The significance of Saturday mornings changes over time. It used to be synonymous with lie-ins, hanging about in my pyjamas, doing a lot of not very much. Later on, it became a precious day-off, again celebrated with a lie-in perhaps followed by a lazy coffee on the terrasse of a café...
The arrival of a small person in the house catapults the idea of a Saturday morning into orbit. Lie-ins become a thing of the past (unless you count being woken at 6am as a lie-in). It never made much difference as Monsieur R worked on Saturdays, so the alarm would go off at 6.30 anyway...if we made it that far.
Now, a few years down the line, our Saturday morning are again different. Puce goes to La Petite Ecole Française in Edinburgh, the Saturday school for children who are being brought up bilingual. We were keen to keep her links with French as an active language, not just something Papa speaks at home and this is a great help. Any fears that she might not appreciate another day at school have been unfounded and she happily waves us out of the classroom as her friends arrive, chattering to each other in French.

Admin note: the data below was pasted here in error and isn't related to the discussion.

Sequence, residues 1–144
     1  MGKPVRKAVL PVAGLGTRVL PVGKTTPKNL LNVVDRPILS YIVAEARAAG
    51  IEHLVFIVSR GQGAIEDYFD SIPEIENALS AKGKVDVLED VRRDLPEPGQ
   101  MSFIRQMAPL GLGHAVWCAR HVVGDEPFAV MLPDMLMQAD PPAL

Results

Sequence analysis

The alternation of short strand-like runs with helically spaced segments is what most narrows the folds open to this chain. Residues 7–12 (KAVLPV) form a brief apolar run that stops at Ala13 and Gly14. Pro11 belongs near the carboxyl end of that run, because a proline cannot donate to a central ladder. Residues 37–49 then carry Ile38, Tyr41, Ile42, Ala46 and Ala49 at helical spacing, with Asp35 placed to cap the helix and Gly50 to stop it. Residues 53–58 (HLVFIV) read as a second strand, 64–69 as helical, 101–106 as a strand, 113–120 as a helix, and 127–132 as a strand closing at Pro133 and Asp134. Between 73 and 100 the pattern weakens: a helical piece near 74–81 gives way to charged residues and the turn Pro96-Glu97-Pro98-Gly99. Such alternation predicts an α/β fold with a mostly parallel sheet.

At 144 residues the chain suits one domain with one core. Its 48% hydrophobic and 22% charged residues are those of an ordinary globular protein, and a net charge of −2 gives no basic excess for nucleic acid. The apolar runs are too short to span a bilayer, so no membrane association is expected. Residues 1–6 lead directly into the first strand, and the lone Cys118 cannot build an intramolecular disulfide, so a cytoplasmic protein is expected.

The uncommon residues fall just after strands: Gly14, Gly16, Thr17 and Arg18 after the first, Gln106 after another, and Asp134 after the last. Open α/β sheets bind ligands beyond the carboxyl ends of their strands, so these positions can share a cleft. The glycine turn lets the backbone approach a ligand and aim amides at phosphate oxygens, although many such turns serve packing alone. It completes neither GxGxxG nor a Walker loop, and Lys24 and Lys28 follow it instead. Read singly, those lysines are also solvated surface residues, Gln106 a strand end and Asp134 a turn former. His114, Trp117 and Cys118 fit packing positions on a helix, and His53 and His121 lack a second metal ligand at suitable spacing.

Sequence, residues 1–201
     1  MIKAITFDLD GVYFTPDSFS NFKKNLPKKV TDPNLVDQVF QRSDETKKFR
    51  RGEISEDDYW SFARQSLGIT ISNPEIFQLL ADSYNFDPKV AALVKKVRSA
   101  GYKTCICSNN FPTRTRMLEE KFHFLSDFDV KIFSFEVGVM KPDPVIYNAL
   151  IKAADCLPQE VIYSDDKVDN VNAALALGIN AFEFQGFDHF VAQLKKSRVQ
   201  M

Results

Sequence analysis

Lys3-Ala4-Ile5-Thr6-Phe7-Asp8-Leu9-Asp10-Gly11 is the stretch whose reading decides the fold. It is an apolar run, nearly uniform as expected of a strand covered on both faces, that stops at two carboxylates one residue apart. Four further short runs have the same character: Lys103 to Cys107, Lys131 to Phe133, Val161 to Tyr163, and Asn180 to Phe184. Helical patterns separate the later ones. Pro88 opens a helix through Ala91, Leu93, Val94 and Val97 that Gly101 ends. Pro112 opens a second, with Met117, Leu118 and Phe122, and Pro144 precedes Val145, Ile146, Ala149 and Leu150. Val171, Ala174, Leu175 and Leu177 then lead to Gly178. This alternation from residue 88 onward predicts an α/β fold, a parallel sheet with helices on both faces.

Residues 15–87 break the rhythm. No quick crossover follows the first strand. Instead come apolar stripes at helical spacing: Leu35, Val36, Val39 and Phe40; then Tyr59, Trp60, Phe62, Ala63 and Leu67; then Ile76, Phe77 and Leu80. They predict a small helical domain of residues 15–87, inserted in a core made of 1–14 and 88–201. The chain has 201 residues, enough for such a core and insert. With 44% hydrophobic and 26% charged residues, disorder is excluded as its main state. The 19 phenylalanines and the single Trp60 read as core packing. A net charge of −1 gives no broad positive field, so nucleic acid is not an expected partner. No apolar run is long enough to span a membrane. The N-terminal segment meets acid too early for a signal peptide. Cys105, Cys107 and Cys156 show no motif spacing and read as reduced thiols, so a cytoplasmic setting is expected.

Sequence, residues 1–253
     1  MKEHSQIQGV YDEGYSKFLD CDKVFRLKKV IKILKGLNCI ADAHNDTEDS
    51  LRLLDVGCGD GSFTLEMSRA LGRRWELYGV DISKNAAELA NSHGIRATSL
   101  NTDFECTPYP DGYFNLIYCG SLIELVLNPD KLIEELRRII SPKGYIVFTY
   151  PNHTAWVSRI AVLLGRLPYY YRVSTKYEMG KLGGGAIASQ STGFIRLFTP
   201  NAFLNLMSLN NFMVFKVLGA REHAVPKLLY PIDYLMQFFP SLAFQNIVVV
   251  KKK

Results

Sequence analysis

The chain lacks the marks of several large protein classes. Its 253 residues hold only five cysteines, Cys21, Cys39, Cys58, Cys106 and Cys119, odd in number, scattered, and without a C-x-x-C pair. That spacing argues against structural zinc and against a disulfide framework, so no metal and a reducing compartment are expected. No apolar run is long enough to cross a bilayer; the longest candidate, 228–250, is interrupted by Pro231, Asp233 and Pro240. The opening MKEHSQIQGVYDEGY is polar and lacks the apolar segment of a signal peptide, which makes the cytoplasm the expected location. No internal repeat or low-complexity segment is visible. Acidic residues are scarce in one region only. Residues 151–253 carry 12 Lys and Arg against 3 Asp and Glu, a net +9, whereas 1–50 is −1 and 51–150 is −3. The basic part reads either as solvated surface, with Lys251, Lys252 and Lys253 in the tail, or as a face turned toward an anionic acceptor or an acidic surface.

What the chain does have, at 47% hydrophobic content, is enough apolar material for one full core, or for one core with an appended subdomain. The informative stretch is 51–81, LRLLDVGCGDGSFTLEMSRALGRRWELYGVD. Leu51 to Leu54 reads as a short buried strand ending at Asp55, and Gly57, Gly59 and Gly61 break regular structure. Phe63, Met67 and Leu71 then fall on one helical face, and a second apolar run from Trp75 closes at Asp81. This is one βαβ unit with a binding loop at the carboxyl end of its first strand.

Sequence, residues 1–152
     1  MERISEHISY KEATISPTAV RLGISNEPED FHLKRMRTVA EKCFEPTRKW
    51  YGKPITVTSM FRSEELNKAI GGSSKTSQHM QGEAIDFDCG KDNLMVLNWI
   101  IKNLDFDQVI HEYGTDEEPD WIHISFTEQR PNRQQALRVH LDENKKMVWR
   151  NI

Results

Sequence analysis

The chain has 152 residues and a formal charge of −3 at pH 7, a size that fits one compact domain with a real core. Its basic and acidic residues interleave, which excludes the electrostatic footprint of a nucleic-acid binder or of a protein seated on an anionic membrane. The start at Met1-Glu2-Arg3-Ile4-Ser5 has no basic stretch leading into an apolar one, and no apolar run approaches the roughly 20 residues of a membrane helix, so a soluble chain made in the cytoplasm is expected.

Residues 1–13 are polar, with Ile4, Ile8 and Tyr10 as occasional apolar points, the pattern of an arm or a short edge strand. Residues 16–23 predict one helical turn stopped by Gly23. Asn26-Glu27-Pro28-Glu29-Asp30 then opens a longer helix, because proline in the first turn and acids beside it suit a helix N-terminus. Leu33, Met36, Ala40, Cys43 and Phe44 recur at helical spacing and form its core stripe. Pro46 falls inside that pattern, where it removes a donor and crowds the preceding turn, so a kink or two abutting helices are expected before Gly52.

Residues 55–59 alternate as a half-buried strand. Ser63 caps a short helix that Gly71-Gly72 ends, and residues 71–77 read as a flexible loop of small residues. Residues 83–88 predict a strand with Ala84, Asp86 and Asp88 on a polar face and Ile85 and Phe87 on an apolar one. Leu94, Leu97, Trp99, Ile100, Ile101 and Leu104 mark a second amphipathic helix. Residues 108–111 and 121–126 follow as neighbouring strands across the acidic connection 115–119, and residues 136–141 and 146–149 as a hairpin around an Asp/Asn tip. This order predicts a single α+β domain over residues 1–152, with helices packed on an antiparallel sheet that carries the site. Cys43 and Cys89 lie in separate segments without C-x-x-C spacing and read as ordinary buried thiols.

We amble down the corridor, greeting the other parents as they arrive. On the way out, we pass by the German families, whose classes are on a different floor - Scots accents, German words and French greetings swirl all around and Edinburgh suddenly seems like it's the heart of Europe. When we return to collect Puce, clutching coloriages, bits of new songs and shouts of au revoir to her friends, the Spanish contingent are arriving to pick up their little ones.
It's an amazing feeling to be in the midst of this language melting pot. To be surrounded by all these children who flit between worlds of words and ideas in a way that we find harder and harder to do as adults, especially if like me, we've been raised with only one language and culture. As adults we can move to another country, adopt it and immerse ourselves in the language, but it's hard to shake off the comparison element, we don't do it like that where I come from.
One day, I saw a little girl, obviously late for the German school, stopping to watch big drops of rain landing with huge splashes in a puddle. "Drip, drip, drip" she chanted, absent-mindedly as she watched. Her father hurried on, calling her to get a move on. "Drip, drip, drip", she carried on watching her puddle. The father spun round, suddenly attentive and called in German what I understood to mean "yes, yes, drip, drip, drip", but with the German onomatopoeia. I don't speak a word of German, but I understand the minority language parent, anxious to make sure that his word for rain dripping gets fixed in his child's head, no matter how late it might make them or whatever else is going on around.
Language in action, language in context; and like the steady drip, drip of Scottish rain, eventually the words stick.